The U.S. Marshals Service (USMS) is responding to a ransomware attack and data breach that has compromised law enforcement sensitive information, a USMS spokesperson told MeriTalk today.
The Department of Justice (DoJ) bureau said it discovered the hack affecting a stand-alone USMS system on Feb. 17, and described it to MeriTalk on Tuesday as a “major incident.”
According to the agency’s Feb. 28 statement, the affected system contains “law enforcement sensitive information, including returns from legal process, administrative information, and personally identifiable information pertaining to subjects of USMS investigations, third parties, and certain USMS employees.”
After the ransomware and data theft incident was discovered earlier this month, USMS said it quickly disconnected the affected system and DoJ subsequently initiated a forensic investigation.
“On February 22, 2023, after USMS briefed senior Department officials regarding the incident, those officials determined that it constitutes a major incident,” the agency spokesperson said.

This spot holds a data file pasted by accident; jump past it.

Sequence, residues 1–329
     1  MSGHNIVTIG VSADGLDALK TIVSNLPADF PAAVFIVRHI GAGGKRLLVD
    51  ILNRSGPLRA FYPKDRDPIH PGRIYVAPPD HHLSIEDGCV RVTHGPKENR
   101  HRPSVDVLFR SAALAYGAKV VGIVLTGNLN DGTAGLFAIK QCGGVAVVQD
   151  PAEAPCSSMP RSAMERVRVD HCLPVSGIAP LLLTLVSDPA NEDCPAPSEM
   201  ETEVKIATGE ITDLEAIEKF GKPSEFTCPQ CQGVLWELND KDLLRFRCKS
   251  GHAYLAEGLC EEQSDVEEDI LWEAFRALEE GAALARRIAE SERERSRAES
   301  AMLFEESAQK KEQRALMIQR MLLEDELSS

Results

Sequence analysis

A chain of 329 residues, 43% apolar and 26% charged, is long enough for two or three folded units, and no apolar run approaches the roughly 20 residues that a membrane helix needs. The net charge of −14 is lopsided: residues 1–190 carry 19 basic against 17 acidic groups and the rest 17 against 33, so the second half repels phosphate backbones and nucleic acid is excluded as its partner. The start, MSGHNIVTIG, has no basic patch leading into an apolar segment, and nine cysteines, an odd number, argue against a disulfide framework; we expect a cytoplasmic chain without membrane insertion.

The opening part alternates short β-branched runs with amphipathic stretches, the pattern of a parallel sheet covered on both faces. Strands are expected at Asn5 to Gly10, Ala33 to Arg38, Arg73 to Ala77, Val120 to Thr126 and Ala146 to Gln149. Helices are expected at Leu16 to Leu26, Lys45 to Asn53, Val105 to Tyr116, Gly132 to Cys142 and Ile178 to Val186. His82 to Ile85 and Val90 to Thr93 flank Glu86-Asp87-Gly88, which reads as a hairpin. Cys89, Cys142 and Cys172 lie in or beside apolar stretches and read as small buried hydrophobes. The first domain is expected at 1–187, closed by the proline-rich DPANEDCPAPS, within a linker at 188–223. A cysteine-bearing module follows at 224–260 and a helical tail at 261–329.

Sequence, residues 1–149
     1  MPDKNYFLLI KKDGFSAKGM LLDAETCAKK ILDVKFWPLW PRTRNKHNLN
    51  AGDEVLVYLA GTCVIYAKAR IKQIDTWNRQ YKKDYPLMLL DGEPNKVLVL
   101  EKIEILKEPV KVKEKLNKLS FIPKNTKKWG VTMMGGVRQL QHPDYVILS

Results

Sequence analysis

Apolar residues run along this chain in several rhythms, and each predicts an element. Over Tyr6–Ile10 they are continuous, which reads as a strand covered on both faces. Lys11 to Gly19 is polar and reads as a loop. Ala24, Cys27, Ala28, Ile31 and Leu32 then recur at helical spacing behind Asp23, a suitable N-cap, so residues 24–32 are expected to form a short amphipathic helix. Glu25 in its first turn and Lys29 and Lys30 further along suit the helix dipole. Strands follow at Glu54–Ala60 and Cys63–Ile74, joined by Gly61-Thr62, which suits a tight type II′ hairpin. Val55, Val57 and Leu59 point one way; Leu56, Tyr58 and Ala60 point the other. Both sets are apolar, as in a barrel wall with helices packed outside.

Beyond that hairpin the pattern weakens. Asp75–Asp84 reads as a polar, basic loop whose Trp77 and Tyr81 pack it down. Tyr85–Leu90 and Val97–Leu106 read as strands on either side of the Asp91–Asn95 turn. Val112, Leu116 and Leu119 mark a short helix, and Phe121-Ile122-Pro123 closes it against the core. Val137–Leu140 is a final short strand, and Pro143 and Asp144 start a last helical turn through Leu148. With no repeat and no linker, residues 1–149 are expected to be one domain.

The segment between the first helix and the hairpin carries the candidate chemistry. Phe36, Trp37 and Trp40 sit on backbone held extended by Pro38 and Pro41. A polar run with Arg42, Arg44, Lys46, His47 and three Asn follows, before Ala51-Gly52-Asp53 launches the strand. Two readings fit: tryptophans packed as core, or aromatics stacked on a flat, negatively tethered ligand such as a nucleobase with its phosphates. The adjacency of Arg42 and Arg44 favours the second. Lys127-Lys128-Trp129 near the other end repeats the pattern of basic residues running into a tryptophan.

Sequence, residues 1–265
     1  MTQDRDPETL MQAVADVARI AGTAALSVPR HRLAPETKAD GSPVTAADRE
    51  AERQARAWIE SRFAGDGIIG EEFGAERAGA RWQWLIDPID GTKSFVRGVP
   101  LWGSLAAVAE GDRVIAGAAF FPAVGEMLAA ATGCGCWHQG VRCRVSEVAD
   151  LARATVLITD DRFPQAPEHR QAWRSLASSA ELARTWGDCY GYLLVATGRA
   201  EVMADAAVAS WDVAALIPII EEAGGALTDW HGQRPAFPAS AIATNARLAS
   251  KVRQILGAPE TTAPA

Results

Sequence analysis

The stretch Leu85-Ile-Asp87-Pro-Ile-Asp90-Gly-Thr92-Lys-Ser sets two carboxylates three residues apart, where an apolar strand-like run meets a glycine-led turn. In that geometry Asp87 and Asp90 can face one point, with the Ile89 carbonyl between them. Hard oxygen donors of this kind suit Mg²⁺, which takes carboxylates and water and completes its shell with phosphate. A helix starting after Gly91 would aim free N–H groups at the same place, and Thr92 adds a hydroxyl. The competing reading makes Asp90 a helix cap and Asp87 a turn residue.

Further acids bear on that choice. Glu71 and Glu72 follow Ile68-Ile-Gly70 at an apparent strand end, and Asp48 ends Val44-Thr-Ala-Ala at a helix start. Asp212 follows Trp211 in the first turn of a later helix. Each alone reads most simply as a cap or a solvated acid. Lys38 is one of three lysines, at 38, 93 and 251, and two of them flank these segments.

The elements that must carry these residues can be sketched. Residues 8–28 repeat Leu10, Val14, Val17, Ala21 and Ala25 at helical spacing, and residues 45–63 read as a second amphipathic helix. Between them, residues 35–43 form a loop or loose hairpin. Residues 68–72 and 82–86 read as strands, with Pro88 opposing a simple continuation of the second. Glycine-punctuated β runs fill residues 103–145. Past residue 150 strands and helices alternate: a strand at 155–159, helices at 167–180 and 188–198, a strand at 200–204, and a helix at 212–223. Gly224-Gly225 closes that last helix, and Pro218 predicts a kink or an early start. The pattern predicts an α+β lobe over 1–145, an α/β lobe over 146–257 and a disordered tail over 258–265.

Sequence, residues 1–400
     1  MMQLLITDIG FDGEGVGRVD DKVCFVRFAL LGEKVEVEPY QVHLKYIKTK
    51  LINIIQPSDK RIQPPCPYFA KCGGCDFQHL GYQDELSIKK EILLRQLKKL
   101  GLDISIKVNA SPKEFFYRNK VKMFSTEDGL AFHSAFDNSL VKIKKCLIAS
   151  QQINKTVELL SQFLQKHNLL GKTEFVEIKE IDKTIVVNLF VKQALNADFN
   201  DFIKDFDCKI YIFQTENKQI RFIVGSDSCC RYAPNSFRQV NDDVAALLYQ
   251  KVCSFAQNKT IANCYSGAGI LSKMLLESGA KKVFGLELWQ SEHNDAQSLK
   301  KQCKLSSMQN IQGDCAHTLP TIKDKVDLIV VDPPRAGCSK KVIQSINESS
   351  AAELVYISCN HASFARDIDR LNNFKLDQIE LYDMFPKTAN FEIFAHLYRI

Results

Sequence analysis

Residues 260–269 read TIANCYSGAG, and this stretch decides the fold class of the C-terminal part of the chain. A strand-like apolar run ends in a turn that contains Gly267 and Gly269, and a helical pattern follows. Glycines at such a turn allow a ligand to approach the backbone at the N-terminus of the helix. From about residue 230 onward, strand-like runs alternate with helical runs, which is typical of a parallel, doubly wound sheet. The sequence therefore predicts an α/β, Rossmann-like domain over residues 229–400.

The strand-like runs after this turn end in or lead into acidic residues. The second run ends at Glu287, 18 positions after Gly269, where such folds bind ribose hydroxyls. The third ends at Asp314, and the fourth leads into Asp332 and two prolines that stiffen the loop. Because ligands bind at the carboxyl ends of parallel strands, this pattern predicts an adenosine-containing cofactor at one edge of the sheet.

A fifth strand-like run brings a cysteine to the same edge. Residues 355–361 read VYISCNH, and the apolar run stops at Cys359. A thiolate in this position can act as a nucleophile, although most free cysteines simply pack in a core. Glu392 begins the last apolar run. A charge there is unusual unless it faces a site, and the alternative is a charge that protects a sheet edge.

A “major incident” is a hack that is significant enough that it requires a Federal agency to notify Congress.
The Marshals Service – which is the nation’s oldest law enforcement agency – did not say who was behind the attack, nor did it say if it paid the ransom to unlock the affected system. The government frequently warns against paying ransoms.
The investigation into the security breach is still active.
“The Department’s remediation efforts and criminal and forensic investigations are ongoing. We are working swiftly and effectively to mitigate any potential risks as a result of the incident,” USMS said.
The USMS breach is the latest incident involving personally identifiable information to affect a key Federal agency system in recent months.
In December, the Centers for Medicare and Medicaid Services responded to a ransomware attack at a subcontractor that it said may have exposed the personally identifiable information of 254,000 Medicare beneficiaries.